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THE UNIFIED PATENT COURT – AN UPDATE

We last wrote about the planned Unified Patent Court (UPC) back in September 2020, when we discussed the German Government’s indication that it was their intention to have the instruments of the UPC ratified in the next year or so.

This actually happened fairly quickly, as in late 2020 both of the German Houses of Parliament passed the laws required for the introduction of the Unified Patent Court and European Patents granted with a Unitary effect. The Preparatory Committee of the UPC released a statement about this, noting it as a “positive conclusion of the procedure in Germany” and stating that “A timeline and a more detailed plan for the start and execution of the Provisional Application Period will in due course be published”.

In hindsight, it seems this was perhaps a little premature. In January 2021 it was reported that once again the German ratification of the UPC was put on hold due to two interim injunction applications (constitutional complaints) being filed in December, challenging the ratification of the UPC. Thus, the German ratification of the UPC agreement was put once again on hold.

 

July 2021 – German ratification

The good news for the Unified Patent Court was that on 9th July 2021, the German Federal Constitutional Court dismissed the two interim injunction applications which were standing in the way of German taking the final ratification steps. It is expected that Germany will now proceed to deposit the instrument of ratification for the Unified Patent System.

It may be that the system slated at one point to launch in 2016 will finally arrive in 2022.

 

Background to the system

European Patents granted with a unitary effect, or ‘Unitary Patents’ (UPs) will make it possible to get patent protection in up to 26 EU Member States by submitting a single request to the EPO, in theory simplifying and making patent protection more cost effective for applicants. The Unified Patent Court (UPC) is court system which aims to deal with the infringement and validity of both Unitary Patents and original European patents. Once it launches, the Unitary patent system is to run in parallel to the current European Patent System. More detail about the plans for Unitary Patents and UPC can be found on the European Patent Office’s website.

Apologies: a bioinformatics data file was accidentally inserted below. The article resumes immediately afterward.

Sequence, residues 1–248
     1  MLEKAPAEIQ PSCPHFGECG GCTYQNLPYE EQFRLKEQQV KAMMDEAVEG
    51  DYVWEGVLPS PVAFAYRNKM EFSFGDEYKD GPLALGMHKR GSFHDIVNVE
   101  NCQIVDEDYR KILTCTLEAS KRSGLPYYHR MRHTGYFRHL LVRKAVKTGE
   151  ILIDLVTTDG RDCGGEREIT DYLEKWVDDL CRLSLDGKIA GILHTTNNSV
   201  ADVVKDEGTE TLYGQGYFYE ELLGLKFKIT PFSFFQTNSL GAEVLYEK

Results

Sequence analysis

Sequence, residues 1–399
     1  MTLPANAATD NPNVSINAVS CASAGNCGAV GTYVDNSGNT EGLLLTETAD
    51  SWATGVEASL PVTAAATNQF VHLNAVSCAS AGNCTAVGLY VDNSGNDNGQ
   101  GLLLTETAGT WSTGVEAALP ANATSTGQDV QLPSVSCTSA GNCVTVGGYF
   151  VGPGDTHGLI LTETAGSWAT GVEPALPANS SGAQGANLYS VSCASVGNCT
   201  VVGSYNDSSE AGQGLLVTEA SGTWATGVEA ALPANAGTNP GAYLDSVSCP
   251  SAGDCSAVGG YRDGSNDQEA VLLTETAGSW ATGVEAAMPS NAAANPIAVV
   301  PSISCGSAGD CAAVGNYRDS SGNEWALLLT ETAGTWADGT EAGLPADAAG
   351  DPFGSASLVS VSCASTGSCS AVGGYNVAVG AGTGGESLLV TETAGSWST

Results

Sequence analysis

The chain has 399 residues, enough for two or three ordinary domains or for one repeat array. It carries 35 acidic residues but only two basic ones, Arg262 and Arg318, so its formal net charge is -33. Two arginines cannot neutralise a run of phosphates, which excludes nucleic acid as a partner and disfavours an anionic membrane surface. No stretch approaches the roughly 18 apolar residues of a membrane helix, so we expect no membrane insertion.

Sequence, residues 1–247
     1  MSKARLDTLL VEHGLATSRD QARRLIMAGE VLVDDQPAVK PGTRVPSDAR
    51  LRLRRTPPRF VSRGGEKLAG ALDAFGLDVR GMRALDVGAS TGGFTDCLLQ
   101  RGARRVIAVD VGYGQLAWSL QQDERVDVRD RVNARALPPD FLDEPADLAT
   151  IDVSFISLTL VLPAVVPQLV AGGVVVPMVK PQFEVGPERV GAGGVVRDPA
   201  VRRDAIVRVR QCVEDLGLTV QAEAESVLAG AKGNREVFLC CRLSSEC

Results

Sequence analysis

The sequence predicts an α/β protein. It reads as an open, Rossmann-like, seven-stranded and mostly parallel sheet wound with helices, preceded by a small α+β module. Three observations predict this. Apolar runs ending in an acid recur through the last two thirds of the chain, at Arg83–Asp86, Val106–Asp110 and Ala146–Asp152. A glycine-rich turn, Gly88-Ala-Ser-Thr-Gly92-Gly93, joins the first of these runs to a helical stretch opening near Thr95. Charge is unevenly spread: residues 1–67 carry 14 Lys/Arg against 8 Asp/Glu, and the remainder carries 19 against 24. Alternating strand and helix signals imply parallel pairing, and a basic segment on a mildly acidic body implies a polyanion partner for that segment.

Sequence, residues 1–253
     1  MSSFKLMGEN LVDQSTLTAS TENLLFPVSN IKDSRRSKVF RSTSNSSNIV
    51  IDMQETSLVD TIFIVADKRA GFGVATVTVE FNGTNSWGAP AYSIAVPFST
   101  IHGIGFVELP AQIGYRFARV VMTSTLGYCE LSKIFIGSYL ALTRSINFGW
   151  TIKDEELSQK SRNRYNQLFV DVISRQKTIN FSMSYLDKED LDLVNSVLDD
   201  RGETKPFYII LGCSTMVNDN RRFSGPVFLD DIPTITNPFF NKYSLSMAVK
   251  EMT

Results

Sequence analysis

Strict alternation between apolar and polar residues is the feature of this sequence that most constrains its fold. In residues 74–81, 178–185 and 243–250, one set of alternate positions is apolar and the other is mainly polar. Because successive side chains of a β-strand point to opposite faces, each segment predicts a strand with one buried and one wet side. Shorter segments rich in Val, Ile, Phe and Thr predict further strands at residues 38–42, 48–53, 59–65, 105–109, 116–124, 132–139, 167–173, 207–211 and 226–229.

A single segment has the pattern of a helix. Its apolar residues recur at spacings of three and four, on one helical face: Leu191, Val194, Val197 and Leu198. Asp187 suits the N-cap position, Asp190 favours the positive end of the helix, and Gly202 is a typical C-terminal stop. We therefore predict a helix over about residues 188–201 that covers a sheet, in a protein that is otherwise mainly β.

Will be UK be joining?

The United Kingdom will not, as it stands, be participating in the Unified Patent Court. The UK Government in mid-2020 reaffirmed the UK’s withdrawal from the Unified Patent Court system. The Government indicated this was in view of the United Kingdom’s withdrawal from the European Union. Future Governments may seek to join the system, and membership of the European Union is not technically a requirement to be a part of the UPC system.

It is still not clear what will happen to the seat of the central division which was originally planned to be located in London.

European Patent Attorneys with the appropriate current qualifications will be able to act in front of the Unified Patent Court (UPC) as a legal practitioner, if and when the Courts open. TLIP European Patent Attorneys have this required qualification and should be able to act before the Courts once they open.

 

European Patents (and Brexit)

The European patent system will continue to run, even after the UPC system launches. Despite Brexit, it is still possible to apply for a European patent through the UK Patent Office, or directly at the European Patent Office (EPO). European patents can grant protection for an invention in more than 30 countries in Europe (plus those outside of Europe with special agreements with the EPO). This is through the (non-EU) European Patent Convention (EPC), a multilateral treaty instituting the EPO and providing an autonomous legal system through which European patents are granted.

European patent attorneys based in the UK continue to be able to represent applicants before the EPO, including at EPO centralised opposition proceedings.

In accordance with the Withdrawal Agreement concluded between the EU and the UK, the UK officially left the European Union at 11 p.m. GMT on 1 January 2020. The UK’s intellectual property laws and the of protection provided to rightsholders will remain largely the same. Most European Union intellectual property laws have already largely been adopted into UK law or will otherwise be maintained post-Brexit. We specifically note the following for patents:

Patents remain perhaps the least affected Intellectual Property Right. As the European Patent Office is not an EU agency, leaving the European Union does not affect the current European patent system. Existing granted European patents validated in the UK are also unaffected, and any pending European patent applications are also not affected.

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We will of course continue follow the UPC saga as it continues to develop.